The Grid Editor—a super intuitive way to write grooves, fills and percussion patterns—is essentially the same in both libraries. I love how easy it is to change the velocity and articulation of each note.
There are also ‘humanize’ options in both Grid Editors, which can add an expressive quality to grooves that sound too robotic. As a result, you’ll end up with similar results from both software libraries on this score.
The Tap to Find and Song Creator features—which offer easy ways to find appropriate grooves and to build entire song structures—both operate in the same sort of way, too.
Both software packages are equally handy for basic audio editing and midi replacement; it’s easy to load samples into them and improve timing and tightness with this method. Superior Drummer 3 offers more options on this front because of its extensive mixer.
EZ Like Sunday Morning
EZDrummer 3 does have a few strengths over its bigger brother SD3. First, as noted earlier, the core EZ Drummer 3 library contains more loops than the SD3 one, so its version of Tap to Find has more options to draw on, at least, in theory, anyway.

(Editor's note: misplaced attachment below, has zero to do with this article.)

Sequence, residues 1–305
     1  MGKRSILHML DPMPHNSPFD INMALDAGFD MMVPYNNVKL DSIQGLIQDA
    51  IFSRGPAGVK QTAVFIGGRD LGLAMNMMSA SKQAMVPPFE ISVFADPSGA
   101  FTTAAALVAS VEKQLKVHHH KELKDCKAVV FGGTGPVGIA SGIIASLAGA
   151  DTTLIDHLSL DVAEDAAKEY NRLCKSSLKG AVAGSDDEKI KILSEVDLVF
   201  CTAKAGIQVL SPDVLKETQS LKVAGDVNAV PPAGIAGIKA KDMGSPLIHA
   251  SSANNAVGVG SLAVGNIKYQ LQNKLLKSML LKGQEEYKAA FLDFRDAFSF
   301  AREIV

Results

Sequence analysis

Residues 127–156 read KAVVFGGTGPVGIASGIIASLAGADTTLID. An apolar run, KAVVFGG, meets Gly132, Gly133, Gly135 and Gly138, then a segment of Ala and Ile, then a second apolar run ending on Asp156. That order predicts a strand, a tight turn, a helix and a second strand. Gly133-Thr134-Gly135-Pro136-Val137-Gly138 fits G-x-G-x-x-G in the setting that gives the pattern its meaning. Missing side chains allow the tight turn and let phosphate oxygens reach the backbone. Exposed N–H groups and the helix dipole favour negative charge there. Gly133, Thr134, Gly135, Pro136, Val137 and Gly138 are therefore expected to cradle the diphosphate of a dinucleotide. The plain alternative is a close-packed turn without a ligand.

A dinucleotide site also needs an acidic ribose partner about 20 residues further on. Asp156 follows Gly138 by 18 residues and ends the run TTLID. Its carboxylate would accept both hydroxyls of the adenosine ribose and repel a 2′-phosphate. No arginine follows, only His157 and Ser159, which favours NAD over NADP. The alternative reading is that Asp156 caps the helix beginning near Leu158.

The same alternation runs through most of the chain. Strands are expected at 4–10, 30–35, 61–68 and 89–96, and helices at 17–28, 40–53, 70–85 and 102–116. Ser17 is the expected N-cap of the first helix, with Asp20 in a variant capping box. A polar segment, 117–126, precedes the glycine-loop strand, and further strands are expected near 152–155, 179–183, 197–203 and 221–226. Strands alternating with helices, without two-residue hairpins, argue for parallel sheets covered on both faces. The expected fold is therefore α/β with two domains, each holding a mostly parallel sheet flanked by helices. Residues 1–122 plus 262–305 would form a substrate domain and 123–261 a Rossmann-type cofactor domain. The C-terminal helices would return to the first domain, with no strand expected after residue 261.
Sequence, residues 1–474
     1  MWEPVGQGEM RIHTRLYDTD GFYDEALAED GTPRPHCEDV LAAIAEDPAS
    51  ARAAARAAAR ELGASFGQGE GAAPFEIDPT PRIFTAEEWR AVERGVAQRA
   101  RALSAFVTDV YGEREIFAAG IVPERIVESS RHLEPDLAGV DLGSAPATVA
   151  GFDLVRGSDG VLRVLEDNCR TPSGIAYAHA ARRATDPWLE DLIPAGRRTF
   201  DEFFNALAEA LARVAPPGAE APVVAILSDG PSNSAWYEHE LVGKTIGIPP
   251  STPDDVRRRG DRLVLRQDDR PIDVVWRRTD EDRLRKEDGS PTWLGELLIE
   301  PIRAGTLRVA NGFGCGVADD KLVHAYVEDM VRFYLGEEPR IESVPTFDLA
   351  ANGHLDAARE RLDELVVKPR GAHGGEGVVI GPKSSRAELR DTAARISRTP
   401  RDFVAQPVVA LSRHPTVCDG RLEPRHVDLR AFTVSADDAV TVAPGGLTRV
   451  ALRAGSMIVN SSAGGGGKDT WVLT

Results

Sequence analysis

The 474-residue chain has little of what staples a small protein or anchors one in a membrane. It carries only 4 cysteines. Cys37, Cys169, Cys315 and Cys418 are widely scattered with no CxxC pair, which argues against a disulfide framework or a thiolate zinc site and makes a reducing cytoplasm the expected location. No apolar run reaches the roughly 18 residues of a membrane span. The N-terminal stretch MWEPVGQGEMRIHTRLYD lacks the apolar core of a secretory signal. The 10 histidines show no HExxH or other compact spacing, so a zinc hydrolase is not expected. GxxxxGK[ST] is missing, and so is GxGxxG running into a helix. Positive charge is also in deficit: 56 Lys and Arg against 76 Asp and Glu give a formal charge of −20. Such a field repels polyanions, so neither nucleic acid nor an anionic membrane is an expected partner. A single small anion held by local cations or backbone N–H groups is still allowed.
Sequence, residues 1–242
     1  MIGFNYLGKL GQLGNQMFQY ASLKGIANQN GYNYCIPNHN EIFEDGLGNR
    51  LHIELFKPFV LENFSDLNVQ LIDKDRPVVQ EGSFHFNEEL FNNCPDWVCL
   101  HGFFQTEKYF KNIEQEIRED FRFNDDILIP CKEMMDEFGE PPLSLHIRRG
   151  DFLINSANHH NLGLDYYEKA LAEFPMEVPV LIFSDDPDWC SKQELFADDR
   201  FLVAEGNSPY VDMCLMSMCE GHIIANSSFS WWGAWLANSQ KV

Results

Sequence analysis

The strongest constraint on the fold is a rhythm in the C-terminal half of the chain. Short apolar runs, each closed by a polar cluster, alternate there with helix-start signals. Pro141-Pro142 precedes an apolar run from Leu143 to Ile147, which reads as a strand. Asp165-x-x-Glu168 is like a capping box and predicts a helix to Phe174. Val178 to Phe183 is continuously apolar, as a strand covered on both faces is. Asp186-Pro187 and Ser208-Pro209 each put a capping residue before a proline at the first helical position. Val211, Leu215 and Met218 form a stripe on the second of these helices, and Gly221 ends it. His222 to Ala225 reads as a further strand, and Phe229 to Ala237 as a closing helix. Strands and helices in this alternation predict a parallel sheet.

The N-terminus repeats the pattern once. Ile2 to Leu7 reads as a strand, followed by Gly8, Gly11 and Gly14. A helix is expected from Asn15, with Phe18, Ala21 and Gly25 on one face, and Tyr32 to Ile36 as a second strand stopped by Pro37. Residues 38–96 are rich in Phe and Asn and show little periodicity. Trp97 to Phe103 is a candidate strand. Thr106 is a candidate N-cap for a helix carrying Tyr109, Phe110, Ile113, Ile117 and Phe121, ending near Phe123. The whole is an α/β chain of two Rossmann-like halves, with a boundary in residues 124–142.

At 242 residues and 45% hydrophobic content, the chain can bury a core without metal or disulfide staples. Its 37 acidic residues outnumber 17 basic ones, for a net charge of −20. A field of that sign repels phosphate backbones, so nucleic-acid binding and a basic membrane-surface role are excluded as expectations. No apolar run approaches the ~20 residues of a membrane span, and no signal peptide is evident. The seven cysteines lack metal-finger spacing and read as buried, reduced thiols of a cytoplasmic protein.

Band Mate only features on EZDrummer 3. Although, maybe this reflects Toontrack’s intention to make EZD3 a safe bet for non-drummers. It’s such a helpful tool that it could be a real advantage over SD3 for many users.
It’s another way EZD3 feels eminently useable to just about everyone with a bit of musical experience.
Finally, EZ Drummer 3’s pre-processed kits sound solid right out of the box. This is great for users who don’t mix drums to a high standard or want to prioritize speed and ease of use.